Michigan police officer on leave, investigation launched after violent arrest

A Lansing, Michigan, police officer is on paid administrative leave and police have begun reviewing a violent arrest on video in which officers appear to kill a man during an arrest on Tuesday night.

Police said in a statement on Wednesday that officers used a tusser stun gun and a “delete strike” during a long struggle with a 25-year-old “combative”.

Police Chief Daryl Green ordered an officer, who has not been identified, to be placed on leave and said that the conduct of all officers involved in the internal affairs investigation would be reviewed.

The incident, which occurred on the pavement around 11:20 pm, was caught by a spectator who used excessive force.

The video shows five officers slamming the man to the ground, with some men striking him, and giving orders that hit the man’s stomach. At one point the man appears to say, “Why are you killing me?”

At another point an officer yells “Give me your hand,” and the man says “I didn’t do that.”

Police said in a statement that officers were responding to a report of a fight involving five to six people and determined that the 25-year-old man was “the primary suspect in the assault incident.”

Police said he protested the arrest. Police said, “During the long struggle to secure the suspect, officers deployed a taser and carried out the attack.”

A video still shows a violent arrest in Lansing, Mich., On November 10, 2020.Brandon Hayduk via Facebook

When the video begins, at least one officer is seen scrambling with the man who has his arms around the officer’s waist before more officers arrive and the group goes to the ground.

The man who said he shot the video, 37-year-old, Brandon Hayduk, said he was going to a store when he saw a male officer facing the man. The officer asked the man to board a police vehicle and mentioned a loose bat being thrown on the road, Hayduk said.

He said that when he came out of the store, the male officer and a female officer were “physically entangling with the gentleman” before more officers arrived, and then began recording from his car.

“I understand that if you want to resist someone’s arrest, you have to subject them to yourself,” Hayduck said. “… it doesn’t take much to see the excessive force in that video.”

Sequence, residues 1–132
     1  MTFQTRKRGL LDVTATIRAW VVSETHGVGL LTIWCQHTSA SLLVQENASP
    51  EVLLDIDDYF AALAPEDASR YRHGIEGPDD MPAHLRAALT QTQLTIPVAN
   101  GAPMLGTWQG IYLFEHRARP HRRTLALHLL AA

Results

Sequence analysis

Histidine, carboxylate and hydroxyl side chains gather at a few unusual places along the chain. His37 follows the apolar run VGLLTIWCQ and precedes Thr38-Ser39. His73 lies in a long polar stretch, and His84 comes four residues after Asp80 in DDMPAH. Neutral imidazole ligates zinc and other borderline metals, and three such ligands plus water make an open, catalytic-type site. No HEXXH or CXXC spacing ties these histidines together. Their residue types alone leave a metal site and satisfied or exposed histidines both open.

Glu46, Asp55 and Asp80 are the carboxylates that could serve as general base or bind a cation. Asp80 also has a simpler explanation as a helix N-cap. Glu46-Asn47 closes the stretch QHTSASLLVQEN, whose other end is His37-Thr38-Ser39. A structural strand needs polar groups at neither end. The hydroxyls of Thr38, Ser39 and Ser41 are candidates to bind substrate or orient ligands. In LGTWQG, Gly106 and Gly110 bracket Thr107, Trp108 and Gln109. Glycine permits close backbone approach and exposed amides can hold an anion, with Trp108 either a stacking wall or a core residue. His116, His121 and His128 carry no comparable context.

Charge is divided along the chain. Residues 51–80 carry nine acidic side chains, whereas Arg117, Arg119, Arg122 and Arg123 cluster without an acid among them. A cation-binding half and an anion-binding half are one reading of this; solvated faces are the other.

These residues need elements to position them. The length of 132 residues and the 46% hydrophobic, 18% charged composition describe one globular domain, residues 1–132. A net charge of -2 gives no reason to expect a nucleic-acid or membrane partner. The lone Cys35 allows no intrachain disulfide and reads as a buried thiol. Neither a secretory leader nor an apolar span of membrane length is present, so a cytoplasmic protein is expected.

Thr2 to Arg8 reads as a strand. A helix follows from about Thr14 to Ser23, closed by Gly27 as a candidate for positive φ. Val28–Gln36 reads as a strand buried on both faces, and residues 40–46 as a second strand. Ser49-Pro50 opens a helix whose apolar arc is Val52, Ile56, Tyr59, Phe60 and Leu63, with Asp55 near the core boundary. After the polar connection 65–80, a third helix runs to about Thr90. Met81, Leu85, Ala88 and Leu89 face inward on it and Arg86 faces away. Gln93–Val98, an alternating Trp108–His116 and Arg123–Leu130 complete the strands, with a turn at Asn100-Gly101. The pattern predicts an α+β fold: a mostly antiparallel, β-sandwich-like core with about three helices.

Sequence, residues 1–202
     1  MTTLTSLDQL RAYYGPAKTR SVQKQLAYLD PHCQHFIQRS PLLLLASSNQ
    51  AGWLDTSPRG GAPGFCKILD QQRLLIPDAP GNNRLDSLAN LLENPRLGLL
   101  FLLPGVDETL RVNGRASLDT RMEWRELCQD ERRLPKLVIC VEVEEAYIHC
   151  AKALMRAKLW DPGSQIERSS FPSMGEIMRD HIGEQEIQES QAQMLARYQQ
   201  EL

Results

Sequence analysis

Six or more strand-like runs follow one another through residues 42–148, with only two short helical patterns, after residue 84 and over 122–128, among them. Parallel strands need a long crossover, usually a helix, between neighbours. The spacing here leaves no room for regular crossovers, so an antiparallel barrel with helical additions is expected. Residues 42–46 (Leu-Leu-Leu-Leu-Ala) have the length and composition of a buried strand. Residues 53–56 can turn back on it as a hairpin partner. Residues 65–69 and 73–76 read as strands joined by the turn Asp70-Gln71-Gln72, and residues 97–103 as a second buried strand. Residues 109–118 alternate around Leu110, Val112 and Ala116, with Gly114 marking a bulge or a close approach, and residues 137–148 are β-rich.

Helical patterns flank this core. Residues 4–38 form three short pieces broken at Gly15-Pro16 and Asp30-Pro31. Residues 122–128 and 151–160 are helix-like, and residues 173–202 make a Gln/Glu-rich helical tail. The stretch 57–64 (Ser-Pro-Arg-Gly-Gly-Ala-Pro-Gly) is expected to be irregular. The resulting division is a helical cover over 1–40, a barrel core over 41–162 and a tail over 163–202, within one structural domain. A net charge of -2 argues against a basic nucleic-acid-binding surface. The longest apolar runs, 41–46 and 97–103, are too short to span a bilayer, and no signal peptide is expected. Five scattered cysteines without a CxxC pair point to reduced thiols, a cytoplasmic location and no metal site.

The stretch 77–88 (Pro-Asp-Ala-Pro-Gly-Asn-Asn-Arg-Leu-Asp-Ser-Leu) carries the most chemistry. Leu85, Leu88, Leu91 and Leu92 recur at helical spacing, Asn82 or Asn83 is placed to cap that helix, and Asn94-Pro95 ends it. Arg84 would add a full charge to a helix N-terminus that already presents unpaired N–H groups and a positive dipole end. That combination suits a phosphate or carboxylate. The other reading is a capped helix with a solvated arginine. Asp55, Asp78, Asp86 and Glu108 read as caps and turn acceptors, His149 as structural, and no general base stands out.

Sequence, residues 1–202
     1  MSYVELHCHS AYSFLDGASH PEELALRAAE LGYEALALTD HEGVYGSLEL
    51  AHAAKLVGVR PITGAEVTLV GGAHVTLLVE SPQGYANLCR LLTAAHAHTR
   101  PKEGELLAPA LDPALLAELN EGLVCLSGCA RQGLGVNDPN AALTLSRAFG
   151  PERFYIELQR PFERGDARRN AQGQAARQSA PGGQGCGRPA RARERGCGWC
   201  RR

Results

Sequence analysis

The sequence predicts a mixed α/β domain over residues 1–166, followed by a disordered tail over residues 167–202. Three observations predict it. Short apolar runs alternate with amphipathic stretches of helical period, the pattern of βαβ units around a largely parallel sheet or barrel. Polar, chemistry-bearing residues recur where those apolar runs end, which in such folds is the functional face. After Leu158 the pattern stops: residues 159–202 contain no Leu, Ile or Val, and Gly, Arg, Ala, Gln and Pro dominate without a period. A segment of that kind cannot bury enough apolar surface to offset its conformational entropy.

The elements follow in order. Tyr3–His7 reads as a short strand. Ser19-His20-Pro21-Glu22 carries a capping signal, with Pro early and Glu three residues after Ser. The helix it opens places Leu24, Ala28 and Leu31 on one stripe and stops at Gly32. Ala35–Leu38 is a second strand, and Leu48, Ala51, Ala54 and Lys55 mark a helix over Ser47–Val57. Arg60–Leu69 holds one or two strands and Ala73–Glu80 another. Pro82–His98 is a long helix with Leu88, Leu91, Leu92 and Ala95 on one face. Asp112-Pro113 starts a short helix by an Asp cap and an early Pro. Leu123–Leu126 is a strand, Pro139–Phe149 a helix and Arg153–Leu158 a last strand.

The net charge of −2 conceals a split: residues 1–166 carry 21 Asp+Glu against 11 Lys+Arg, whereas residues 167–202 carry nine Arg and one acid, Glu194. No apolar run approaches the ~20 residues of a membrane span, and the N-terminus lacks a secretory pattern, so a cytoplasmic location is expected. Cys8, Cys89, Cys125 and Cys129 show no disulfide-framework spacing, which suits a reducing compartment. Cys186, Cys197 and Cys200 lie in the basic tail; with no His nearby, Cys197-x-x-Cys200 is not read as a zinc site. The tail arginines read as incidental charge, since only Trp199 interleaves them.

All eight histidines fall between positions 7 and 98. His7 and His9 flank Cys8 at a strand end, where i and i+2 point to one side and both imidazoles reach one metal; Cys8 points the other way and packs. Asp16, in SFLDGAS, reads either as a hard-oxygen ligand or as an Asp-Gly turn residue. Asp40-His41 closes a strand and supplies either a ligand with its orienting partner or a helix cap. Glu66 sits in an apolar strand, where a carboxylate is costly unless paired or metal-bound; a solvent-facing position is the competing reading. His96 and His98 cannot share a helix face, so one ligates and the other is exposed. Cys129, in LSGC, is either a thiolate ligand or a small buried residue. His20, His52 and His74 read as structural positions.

The 25-year-old man was not identified in the police statement, but police said he was evaluated at a hospital – the department says there is some standard when a taser is used – which is found in detention centers Is taken. Police said formal charges would be sought by the Ingham County prosecutor.

A police spokesman did not immediately return a request for comment seeking more details on Wednesday night.

Police said two officers received minor injuries.

Green, the chief of police, “completed the preliminary investigation” and placed an officer on paid administrative leave, but the statement does not say whether Green had made any findings about the conduct.

Lansing Mayor Andy Shure said Wednesday afternoon that the chief “immediately” began a review, the department released details and an investigation has been launched, the Lansing State Journal newspaper reported.

In the video, at one point the person being arrested says “I can’t breathe” and officers immediately appear to shut him down, one asking him to roll over, so that he can breathe.

The term resonated in May with the fatal arrest of George Floyd in Minneapolis, who died after kneeling on the neck of a police officer, and the death of Eric Garner in 2014 in Borough of New York City, Staten Island.

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